Diagnosed With Non-Resectable Melanoma? What Are Your Treatment Options?
If you've recently received the sobering news that your mole, freckle, or age spot is actually skin cancer melanoma, you may still be dealing with the shock of such a serious diagnosis. And discovering that this melanoma is non-resectable – that is, unable to be fully removed or excised with surgery – can be even more of a blow. Although non-resectable melanomas tend to have a lower overall cure rate than other types of skin cancers, there are a number of pioneering treatment options that can improve your odds of a long, healthy life. Here are your treatment options for non-resectable melanoma.
Radiation therapy has long been the go-to treatment for those whose tumors can't be surgically excised (or situations in which surgery only led to the discovery of multiple additional tumors). During this treatment, the tumors are blasted with high doses of radiation to kill these cancer cells and prevent them from spreading. Radiation treatment may often result in the shrinkage or even total elimination of tumors, allowing you to finally rid yourself of a non-resectable tumor without undergoing a surgery that may not be successful.
Radiation treatment does have some side effects, including pain at the radiation sites, hair loss, nausea, and sensitive skin. You'll want to take extra care to avoid sunlight or other UV radiation while undergoing treatment to reduce your risk of skin irritation or exacerbation of your other symptoms.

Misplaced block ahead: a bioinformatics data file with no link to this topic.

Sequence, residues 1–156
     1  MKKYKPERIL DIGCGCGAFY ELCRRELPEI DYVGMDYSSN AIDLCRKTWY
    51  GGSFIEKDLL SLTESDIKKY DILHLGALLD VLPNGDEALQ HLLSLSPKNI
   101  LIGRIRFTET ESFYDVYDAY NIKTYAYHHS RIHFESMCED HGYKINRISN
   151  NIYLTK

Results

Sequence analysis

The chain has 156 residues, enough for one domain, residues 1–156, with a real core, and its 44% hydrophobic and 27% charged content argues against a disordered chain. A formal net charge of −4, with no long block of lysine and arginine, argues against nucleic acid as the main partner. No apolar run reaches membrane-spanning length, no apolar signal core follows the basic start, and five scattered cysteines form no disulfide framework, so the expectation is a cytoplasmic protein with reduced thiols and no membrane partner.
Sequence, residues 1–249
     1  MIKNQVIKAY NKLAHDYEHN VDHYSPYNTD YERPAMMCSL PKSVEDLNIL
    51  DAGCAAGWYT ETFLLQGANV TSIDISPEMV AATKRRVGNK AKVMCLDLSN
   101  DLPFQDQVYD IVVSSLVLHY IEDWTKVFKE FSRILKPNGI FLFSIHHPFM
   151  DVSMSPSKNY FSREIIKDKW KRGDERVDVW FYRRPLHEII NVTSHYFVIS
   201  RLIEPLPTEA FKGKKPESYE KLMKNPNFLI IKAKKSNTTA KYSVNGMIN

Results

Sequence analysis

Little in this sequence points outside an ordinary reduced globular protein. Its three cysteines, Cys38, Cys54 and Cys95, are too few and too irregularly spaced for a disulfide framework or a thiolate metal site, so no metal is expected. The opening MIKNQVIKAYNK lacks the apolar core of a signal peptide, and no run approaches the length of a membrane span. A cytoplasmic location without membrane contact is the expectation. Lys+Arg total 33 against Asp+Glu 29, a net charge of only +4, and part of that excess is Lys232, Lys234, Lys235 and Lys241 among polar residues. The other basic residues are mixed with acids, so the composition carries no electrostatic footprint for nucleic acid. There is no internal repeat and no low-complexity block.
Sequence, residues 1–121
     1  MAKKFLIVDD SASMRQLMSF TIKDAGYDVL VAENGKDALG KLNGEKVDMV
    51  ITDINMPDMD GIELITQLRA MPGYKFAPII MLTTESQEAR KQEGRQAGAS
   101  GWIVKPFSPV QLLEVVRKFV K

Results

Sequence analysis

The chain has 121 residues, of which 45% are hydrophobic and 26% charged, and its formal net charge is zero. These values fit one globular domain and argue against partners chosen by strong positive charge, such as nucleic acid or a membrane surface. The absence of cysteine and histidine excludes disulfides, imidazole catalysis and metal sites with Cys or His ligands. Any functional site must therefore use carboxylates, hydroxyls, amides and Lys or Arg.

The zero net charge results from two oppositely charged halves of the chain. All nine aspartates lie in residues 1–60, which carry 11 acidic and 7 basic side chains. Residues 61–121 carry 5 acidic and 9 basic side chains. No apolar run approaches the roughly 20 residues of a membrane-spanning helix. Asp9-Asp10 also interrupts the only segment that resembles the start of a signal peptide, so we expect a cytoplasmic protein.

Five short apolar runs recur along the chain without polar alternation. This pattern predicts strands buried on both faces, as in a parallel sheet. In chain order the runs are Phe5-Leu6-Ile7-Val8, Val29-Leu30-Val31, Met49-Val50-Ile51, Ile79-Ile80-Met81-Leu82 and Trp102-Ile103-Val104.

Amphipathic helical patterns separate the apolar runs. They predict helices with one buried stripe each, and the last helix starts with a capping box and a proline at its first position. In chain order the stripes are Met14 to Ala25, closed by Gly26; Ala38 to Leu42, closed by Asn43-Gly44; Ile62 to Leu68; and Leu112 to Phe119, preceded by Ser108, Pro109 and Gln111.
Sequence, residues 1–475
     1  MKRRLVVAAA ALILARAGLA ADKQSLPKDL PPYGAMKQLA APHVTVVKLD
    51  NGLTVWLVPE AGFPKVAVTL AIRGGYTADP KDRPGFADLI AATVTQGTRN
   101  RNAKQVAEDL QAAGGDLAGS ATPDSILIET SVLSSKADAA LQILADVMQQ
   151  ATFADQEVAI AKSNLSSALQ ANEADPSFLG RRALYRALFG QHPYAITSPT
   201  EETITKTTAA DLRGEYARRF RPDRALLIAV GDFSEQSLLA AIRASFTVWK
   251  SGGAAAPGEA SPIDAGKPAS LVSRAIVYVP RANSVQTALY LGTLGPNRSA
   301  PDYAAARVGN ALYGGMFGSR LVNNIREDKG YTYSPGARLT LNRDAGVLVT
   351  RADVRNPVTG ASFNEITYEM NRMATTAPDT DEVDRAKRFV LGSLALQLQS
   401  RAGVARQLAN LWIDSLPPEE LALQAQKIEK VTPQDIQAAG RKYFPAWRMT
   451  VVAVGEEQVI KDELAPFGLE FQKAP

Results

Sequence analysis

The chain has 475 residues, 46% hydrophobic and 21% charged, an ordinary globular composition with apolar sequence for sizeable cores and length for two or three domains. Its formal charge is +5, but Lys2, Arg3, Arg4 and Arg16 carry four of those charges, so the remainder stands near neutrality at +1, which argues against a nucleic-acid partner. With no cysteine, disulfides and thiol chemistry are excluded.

Targeted treatment with biomarkers
As researchers learn more about what causes certain cancers to grow differently than others, they're discovering that each type of cancer cell has its own specific biomarkers – like proteins or enzymes – that cause these cells to reproduce. This means that targeting the biomarkers found in these specific cancer cells can kill these cells (or at least prevent them from replicating) without causing as much damage to the healthy cells surrounding them, improving your odds of a full recovery while minimizing the risk of serious side effects.
Although it's only been during the last decade or so that biomarkers have been identified for many of the more common types of non-resectable melanoma, chemists have come far during this time in targeting chemotherapy treatments to these biomarkers. If you're seeking treatment for non-resectable melanoma, you may find that a chemotherapy regimen – either alone or in combination with radiation treatment – is enough to send your melanoma packing for good.